“And all this, in fear of you...”
The Headless Monks, on the other hand, are a mediocre addition to the show. A creepy enough idea, to be sure, and they add to the whole Star Wars-y feel when they wield their flaming lightsabres, but they actually add very little to the proceedings, for all Manton’s hype. Still, the reveal of the Doctor, flipping back his hood in front of the congregation, is worth it, although it was a bit predictable. Likewise, for all the nice details to the life of people on Demon’s Run - the psychic paper training, the gossip about the Doctor - there are clunking misses. Why are the Thin One and the Fat One introduced? Fatty gets killed and turned into a monk, and is never mentioned again. We just get a brief annoyed look by Thin. Surely some kind of emotional reaction to the murder and mutilation of his husband would be expected?
Still, in the main, this episode gets the characterisation spot on. New and old characters are brought to life with commensurate aplomb. Poor Lorna Bucket, the beautiful girl who joined an army just for the chance to meet the Doctor again - and he didn’t even remember her (unless he hasn’t actually met her yet, of course). Dorium is just marvellous; I loved every minute he was on screen. What a shame they killed him off (although apparently he will be returning, in some form or another - previously in time perhaps, or will he just be head?) Of particular note are Vastra and Jenny, the 19th century lesbian adventuresses. Doctor Who has flirted with alternative sexuality a lot over recent years, but these lovers cross taxonomic classes with gay abandon (pun intended). They’re brilliant, though. A Silurian warrior, her murderous instincts curbed - or at least diverted - by the Doctor’s schooling; and her foxy cockney housemaid. I loved the Thunderbirds reference, too. And as for that joke about Vastra’s tongue…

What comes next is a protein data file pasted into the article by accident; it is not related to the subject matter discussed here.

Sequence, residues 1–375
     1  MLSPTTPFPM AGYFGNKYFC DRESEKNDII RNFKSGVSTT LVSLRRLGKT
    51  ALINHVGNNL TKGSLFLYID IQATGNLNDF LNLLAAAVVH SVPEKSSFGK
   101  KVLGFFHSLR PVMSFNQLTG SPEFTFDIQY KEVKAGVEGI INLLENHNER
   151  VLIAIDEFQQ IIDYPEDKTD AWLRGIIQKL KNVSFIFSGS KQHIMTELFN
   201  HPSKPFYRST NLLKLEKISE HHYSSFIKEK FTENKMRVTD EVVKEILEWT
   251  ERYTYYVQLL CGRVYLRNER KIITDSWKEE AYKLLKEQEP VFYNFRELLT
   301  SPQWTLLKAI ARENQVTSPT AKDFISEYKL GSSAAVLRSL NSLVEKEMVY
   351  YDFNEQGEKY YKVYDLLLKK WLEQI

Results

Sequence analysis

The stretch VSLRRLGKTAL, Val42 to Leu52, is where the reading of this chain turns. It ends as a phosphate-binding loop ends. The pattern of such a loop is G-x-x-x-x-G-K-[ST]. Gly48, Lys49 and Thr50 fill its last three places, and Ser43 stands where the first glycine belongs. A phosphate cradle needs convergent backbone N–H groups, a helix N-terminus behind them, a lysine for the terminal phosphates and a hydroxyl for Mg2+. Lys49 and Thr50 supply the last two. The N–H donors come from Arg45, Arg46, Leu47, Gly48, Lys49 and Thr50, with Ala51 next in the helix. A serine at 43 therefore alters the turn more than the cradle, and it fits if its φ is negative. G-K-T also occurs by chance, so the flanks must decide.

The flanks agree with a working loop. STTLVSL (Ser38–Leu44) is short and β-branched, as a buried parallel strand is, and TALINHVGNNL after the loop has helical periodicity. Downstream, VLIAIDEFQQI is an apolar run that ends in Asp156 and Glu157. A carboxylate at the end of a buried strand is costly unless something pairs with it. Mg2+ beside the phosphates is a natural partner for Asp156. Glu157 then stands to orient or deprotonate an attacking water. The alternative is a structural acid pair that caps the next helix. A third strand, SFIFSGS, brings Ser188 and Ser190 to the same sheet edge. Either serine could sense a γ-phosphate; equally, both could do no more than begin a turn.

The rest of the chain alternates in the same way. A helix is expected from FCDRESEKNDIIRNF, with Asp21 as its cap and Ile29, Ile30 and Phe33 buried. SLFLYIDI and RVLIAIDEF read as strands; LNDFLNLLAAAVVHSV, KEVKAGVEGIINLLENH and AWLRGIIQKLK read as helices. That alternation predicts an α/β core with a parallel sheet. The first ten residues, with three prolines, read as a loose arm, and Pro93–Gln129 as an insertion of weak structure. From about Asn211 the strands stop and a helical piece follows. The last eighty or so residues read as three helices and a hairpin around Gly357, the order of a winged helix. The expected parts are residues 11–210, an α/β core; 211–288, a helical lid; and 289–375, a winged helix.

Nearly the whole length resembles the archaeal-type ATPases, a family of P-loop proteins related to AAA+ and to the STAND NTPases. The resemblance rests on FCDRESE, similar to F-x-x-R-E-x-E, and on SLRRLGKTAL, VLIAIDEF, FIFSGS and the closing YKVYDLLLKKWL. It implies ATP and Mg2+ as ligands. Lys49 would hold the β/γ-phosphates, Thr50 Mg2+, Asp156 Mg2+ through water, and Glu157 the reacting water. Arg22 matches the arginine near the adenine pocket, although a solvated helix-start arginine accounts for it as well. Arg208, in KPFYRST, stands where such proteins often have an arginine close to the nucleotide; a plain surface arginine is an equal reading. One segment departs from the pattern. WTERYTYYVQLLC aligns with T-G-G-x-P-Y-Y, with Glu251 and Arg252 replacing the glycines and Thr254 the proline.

“Don’t slouch. It’s bad for your spine!”
The real standout character, however, has to be Commander Strax, the shamed Sontaran nurse. What a wonderful conceit. The lactating Strax gets all the best lines in this episode, and against some stiff competition too. “Don’t slouch! It’s bad for your spine!” His death is surprisingly touching, as well. There’s some wonderful nurse solidarity between him and Rory. What a marvellous character. There’ll never be a Sontaran like him again.
This isn’t to say the regulars are forgotten about. Far from it; this is perhaps the strongest episode for the three of them all year. Matt Smith, Karen Gillan and Arthur Darvill are on top form here, all having truly perfected their characters. Amy’s moments with her daughter are tender, yet she can still pack a punch when her dander’s up. It’s touching how she never loses faith in her boys coming to her rescue. Rory, meanwhile, gets to be first-class awe-some. Storming onto the Cybership, confronting the legion in his armour, demanding the answer to one question: “Where is my wife?” Hard as nails on the face of it, yet still he’s a tearful wreck when the time comes. He also gets a brilliant line, set to go down in Cyber-history: “Don’t give me those blank looks.” Genius.
“Where is my wife?”